This should not be news to you. Indeed, you aptly described the displacement of native Californians in your 2001 book review:

Christopher Jencks, 2001 "From a conventional economic viewpoint, California's shift to immigrant labor was a success. Employers made money, professional and managerial workers got to live comfortably in a spectacular environment, and eight million immigrants were better off than they would have been in Latin America or Asia.

But this is the winners' version of history. Many less-skilled California natives would tell a darker story, in which their economic situation deteriorated and either they or their children eventually had to move elsewhere. If California had been a sovereign nation, its voters would almost certainly have endorsed a ballot initiative sharply reducing immigration. Because the state's immigration policy was set in Washington, the losers had no recourse."

Christopher Jencks, 2007: "While the future of the Southwest is an open question, Buchanan has worries about the present that seem harder to justify. He claims, for example, that illegal immigrants cause far more than their share of crime in the United States. As evidence he reports that 30 percent of federal prison inmates are aliens (noncitizens), compared to only 12 percent of the general population. That comparison sounds alarming, but both figures are deceptive. To begin with, state prisons have seven times as many inmates as federal prisons, and noncitizens are less than 5 percent of the state prison population. If we pool federal and state prisoners, only 6 to 7 percent of them are noncitizens.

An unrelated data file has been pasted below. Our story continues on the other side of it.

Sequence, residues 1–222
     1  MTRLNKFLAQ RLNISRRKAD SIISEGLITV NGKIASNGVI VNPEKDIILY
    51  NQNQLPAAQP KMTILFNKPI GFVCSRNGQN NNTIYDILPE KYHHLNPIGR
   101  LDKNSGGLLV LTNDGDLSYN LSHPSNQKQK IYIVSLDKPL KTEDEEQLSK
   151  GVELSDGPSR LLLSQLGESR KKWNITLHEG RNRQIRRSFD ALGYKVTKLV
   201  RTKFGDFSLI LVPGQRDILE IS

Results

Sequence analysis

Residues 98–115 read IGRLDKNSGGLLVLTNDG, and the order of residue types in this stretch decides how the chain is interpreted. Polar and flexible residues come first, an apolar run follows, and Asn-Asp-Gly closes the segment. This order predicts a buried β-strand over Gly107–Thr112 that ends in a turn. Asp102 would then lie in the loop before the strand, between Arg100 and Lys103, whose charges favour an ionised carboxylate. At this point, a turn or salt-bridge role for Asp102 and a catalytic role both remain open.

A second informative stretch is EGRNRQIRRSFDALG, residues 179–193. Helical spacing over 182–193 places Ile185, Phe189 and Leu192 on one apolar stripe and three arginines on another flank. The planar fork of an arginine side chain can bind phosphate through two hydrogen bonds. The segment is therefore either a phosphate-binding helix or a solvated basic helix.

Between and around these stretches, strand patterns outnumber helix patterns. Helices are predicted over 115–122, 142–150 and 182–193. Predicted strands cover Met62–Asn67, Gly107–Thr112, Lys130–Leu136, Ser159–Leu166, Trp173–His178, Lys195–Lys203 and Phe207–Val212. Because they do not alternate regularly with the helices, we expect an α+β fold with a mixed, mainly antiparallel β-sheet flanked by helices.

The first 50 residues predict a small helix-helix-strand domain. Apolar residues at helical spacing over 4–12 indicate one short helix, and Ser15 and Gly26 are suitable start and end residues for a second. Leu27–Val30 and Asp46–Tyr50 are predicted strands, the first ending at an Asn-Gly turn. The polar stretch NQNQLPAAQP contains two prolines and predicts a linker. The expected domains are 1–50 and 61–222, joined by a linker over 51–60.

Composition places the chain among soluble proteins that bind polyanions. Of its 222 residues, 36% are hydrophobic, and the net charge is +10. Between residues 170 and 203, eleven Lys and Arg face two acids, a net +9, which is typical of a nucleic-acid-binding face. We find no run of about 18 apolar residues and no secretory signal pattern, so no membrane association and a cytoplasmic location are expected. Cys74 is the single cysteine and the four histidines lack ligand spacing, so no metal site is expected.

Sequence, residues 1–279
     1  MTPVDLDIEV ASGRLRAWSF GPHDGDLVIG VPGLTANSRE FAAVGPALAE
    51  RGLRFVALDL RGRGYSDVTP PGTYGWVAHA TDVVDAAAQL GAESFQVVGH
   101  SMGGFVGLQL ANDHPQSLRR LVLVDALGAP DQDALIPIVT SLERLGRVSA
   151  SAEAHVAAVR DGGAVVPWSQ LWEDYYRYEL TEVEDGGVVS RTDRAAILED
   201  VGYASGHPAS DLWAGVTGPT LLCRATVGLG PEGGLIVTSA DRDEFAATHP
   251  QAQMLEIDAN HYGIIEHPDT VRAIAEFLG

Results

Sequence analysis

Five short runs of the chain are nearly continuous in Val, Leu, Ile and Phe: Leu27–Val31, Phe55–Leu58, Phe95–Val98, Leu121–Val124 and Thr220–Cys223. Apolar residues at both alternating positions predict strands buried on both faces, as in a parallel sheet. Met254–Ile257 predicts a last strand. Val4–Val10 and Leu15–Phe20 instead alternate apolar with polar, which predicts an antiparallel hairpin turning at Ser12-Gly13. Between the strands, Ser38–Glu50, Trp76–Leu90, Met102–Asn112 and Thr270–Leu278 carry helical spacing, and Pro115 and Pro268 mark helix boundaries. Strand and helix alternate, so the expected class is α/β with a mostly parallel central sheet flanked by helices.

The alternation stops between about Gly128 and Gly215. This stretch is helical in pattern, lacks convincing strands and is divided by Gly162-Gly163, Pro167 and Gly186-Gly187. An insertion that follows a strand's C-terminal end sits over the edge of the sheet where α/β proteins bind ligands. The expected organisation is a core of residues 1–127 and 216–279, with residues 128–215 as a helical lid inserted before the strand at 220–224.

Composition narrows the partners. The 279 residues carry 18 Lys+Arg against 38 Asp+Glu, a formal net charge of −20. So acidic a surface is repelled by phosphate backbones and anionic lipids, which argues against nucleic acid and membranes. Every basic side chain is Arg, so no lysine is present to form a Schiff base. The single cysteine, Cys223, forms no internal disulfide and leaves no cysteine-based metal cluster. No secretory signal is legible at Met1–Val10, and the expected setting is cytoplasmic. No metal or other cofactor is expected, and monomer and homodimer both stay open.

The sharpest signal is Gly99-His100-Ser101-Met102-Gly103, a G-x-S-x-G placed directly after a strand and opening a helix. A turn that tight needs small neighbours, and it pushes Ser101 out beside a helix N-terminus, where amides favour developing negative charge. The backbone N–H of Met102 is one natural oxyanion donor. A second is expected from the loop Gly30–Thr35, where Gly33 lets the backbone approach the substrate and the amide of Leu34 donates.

Nor do aliens make up 12 percent of the relevant comparison group. Buchanan's 12 percent includes immigrants who have become citizens, whereas prison counts include only those who are not citizens. His 12 percent figure also includes children and the elderly, who are hardly ever imprisoned. If we focus on eighteen-to-fifty-four-year-olds, 10.7 percent of them are noncitizens. Since only 6 to 7 percent of federal and state prisoners are noncitizens, prison statistics would, if taken at face value, suggest that noncitizens are considerably more law-abiding than citizens of the same age."